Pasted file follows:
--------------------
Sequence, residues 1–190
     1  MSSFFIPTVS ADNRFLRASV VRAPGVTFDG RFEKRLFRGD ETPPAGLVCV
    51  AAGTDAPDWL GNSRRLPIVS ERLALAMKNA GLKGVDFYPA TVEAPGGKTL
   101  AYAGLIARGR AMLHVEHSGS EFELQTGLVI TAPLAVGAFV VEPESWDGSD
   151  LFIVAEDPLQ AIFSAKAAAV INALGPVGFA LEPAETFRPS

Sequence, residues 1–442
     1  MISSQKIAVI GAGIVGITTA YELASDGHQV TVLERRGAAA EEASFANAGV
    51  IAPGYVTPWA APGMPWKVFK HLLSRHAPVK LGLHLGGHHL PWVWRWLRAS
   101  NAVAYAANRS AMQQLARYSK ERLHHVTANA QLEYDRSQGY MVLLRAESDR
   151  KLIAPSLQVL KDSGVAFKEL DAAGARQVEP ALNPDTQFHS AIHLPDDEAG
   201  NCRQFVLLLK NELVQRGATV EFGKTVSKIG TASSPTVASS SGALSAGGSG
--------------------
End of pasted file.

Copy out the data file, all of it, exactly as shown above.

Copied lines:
Sequence, residues 1–190
     1  MSSFFIPTVS ADNRFLRASV VRAPGVTFDG RFEKRLFRGD ETPPAGLVCV
    51  AAGTDAPDWL GNSRRLPIVS ERLALAMKNA GLKGVDFYPA TVEAPGGKTL
   101  AYAGLIARGR AMLHVEHSGS EFELQTGLVI TAPLAVGAFV VEPESWDGSD
   151  LFIVAEDPLQ AIFSAKAAAV INALGPVGFA LEPAETFRPS

Sequence, residues 1–442
     1  MISSQKIAVI GAGIVGITTA YELASDGHQV TVLERRGAAA EEASFANAGV
    51  IAPGYVTPWA APGMPWKVFK HLLSRHAPVK LGLHLGGHHL PWVWRWLRAS
   101  NAVAYAANRS AMQQLARYSK ERLHHVTANA QLEYDRSQGY MVLLRAESDR
   151  KLIAPSLQVL KDSGVAFKEL DAAGARQVEP ALNPDTQFHS AIHLPDDEAG
   201  NCRQFVLLLK NELVQRGATV EFGKTVSKIG TASSPTVASS SGALSAGGSG